When faced with an unpaid debt, whatever then nature of the debt, we always encourage creditors to look at options for settlement before taking matters to court. Often by throwing people a lifeline you can negotiate a settlement without incurring further legal costs and often the debt will be settled much quicker.
When negotiating for the recovery of rent arrears there are some important factors to consider before embarking on negotiation efforts, including the amount of the debt, debtor’s circumstances, interest payable, landlord’s creditors financial position, and length of time to recover the debt.
Often both parties have unrealistic expectations as to the time to be allowed for settlement and our role is to manage those expectations and encourage both parties to reach a viable settlement agreement and avoid court proceedings.
We are instructed to negotiate settlement of a sizeable debt in full. The landlord creditor wants to push for the full amount owed to be settled in two immediate payments, one from each debtor as joint tenants of the property. However, one debtor is not currently in employment and the other was on a low income, therefore it is unrealistic to achieve lump sum payments in these circumstances.
Given the debtors’ circumstances, the prospects of recovery through enforcement methods are also limited. We could of course obtain an attachment to an earnings order against the employed tenant but given the low income, the amount likely to be awarded would be low.
With the unemployed debtor, the only real options would be instructing a High Court Enforcement Officer. However, they would likely look to negotiate a settlement on the doorstep, so why incur the cost of going down this route if we have the tenant’s attention and the opportunity to negotiate a settlement?
The debtor makes a very low offer of just a few pounds each month, which would mean the debt would take decades to clear, which was clearly unacceptable to the landlord creditor.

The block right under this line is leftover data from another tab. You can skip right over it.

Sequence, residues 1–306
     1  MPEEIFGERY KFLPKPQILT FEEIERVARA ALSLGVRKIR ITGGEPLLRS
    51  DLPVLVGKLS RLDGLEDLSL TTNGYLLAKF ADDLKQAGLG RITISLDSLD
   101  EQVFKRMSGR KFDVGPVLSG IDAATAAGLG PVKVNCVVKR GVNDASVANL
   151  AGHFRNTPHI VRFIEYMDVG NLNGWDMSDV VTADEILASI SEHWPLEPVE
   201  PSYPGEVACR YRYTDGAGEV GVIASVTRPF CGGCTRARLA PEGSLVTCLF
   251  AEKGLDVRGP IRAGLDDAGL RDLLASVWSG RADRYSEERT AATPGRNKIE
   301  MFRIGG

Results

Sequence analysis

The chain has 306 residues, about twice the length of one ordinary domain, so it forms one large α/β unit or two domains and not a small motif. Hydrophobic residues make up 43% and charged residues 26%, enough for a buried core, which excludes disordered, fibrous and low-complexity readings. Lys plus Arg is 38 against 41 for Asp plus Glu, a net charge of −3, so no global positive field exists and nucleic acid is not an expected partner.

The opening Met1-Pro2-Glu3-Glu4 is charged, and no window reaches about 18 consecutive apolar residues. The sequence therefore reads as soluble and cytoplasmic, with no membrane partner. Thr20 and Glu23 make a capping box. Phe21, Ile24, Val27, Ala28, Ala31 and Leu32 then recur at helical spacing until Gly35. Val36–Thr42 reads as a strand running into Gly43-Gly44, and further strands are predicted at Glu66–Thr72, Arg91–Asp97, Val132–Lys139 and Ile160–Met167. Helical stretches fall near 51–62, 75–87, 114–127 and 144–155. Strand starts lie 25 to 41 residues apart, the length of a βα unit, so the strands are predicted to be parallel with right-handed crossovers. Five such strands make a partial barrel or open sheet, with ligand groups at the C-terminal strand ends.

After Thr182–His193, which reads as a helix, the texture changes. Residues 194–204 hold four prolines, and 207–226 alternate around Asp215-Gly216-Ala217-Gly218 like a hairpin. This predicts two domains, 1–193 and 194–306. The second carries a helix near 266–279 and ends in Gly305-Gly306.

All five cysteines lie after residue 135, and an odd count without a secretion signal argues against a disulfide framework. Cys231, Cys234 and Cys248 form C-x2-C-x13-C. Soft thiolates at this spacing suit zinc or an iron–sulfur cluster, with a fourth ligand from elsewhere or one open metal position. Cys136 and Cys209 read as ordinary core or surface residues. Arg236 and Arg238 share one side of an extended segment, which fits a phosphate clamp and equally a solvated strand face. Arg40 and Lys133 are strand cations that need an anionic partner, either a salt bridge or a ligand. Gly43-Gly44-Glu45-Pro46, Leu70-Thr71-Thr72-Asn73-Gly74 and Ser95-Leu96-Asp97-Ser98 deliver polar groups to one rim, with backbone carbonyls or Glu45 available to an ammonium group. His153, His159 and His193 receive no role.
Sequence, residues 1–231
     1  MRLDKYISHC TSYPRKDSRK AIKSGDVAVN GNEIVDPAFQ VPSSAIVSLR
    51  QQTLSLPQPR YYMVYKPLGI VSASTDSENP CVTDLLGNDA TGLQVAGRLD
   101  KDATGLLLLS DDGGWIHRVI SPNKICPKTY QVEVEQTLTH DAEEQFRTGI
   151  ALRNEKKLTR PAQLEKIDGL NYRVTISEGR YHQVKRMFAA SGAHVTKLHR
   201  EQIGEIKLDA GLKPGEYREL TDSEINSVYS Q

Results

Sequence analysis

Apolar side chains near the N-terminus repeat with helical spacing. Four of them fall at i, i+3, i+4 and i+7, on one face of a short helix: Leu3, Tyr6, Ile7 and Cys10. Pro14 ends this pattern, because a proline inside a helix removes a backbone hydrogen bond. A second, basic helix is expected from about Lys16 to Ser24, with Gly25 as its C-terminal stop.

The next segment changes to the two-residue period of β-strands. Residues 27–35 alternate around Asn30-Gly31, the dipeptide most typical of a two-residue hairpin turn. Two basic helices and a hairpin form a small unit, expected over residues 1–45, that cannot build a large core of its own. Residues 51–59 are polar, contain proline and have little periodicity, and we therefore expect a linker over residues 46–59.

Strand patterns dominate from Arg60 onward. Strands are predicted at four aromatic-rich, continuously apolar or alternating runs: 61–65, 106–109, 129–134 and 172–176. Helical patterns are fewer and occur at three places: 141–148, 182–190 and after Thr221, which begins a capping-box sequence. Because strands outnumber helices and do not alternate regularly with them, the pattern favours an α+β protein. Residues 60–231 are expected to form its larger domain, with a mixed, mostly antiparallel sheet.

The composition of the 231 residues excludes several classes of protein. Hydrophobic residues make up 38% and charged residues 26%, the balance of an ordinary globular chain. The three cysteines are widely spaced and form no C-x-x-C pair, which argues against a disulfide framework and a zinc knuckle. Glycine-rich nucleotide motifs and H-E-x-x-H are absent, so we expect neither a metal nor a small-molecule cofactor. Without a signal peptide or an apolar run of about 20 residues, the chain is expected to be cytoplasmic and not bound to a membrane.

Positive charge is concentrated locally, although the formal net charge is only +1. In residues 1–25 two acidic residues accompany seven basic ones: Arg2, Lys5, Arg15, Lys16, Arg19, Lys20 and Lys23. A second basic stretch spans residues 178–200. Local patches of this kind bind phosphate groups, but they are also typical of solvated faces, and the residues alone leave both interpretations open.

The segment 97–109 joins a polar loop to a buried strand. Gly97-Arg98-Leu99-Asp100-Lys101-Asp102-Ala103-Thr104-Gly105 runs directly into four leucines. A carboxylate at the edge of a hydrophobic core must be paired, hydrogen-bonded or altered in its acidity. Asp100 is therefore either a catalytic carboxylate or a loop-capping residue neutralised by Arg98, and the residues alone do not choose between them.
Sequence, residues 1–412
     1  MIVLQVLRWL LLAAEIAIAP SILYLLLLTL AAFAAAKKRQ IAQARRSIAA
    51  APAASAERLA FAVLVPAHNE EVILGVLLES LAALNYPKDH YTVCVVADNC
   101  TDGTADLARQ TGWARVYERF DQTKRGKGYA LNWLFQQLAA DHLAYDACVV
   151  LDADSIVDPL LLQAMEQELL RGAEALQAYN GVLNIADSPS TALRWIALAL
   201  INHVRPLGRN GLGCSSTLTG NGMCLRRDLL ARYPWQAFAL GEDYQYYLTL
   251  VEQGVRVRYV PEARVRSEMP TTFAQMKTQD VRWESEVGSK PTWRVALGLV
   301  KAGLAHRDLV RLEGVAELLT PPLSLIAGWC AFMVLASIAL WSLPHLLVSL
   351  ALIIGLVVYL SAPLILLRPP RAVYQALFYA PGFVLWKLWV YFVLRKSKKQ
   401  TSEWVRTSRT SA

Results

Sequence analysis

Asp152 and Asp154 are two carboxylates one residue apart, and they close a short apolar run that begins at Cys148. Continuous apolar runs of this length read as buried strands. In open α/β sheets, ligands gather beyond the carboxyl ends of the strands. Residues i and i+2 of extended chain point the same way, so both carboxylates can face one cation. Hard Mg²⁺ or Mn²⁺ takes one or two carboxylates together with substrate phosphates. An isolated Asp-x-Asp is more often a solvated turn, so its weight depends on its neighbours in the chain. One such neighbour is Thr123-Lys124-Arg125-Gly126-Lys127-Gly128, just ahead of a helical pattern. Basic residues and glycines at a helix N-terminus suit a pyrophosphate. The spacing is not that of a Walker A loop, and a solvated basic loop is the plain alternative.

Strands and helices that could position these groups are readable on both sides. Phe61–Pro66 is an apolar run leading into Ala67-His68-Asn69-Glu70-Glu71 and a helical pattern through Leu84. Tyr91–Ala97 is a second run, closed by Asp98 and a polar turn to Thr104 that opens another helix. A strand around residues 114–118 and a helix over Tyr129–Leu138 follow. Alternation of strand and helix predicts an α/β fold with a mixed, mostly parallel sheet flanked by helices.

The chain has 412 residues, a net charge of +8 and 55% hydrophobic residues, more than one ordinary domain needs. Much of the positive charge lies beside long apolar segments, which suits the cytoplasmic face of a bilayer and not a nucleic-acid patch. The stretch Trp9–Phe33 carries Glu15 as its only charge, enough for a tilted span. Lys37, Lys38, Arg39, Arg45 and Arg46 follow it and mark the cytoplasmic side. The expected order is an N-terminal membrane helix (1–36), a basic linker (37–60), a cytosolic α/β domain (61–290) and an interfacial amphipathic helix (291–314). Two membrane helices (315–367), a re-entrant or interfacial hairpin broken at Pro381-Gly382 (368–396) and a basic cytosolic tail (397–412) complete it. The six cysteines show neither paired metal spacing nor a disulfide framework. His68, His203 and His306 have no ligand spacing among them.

To reach a viable solution for both parties, we would calculate the amount of the debt divided by 6 years (the number of years open to a creditor to enforce a County Court Judgment) then by 12 to work out the monthly instalments needed to clear the sums owed in good time before that deadline.
We would then put this to the debtor and make it clear as to the risk of increased costs should enforcement methods be required.
The debtor responds with an increased offer to £100 per month. Having considered the prospects of recovery through other means the landlord creditor accepts the offer. The landlord has managed to re-let his property so has secured a steady financial income again.
This is a fictional working example based on the many cases that the team deal with at Woodstock and demonstrates the importance of knowledge about the financial situation of all the parties, and the enforcement methods available.
The next and final step is also very important – drafting the settlement agreement. It is important that the agreement is entirely clear as to the detail of the agreement reached, covering everything from when the payments will be made, how they will be made, and the implications of the payments being missed.
A top tip with this sort of agreement is to make sure it is carefully drafted, to include a clause to vary the agreement should the judgment debtor’s financial situation improve (with the evidence required on a routine basis as to their financial status) or provide an incentive to clear the debt earlier i.e., a reduction in the debt owed or reduction of interest payable on that debt.
Finally, careful monitoring of the payments is needed, and swift action should any payment be missed.